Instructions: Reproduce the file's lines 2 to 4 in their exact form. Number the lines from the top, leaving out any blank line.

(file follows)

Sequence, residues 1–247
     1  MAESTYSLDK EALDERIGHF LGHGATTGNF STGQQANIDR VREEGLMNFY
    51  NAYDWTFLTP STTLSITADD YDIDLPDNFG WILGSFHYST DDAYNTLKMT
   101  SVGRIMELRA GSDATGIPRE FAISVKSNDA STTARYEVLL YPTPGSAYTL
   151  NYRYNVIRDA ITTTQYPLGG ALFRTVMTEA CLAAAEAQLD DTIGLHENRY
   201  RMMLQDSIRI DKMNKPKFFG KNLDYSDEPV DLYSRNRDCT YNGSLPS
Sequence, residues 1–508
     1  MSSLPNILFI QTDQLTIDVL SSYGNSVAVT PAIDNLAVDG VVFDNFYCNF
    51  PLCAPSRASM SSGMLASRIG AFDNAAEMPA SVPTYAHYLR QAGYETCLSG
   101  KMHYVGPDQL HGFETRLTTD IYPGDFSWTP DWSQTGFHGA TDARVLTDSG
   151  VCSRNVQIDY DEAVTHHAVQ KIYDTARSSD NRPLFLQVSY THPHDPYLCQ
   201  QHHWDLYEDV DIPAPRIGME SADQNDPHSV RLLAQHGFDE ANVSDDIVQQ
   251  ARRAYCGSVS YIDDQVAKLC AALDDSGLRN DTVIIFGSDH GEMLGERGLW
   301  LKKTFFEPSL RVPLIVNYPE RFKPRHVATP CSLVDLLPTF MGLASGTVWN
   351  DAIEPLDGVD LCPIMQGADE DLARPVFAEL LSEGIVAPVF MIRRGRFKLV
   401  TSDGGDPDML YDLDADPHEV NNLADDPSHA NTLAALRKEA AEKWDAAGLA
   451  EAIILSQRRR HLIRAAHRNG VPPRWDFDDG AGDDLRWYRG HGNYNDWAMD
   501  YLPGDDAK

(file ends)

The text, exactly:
     1  MAESTYSLDK EALDERIGHF LGHGATTGNF STGQQANIDR VREEGLMNFY
    51  NAYDWTFLTP STTLSITADD YDIDLPDNFG WILGSFHYST DDAYNTLKMT
   101  SVGRIMELRA GSDATGIPRE FAISVKSNDA STTARYEVLL YPTPGSAYTL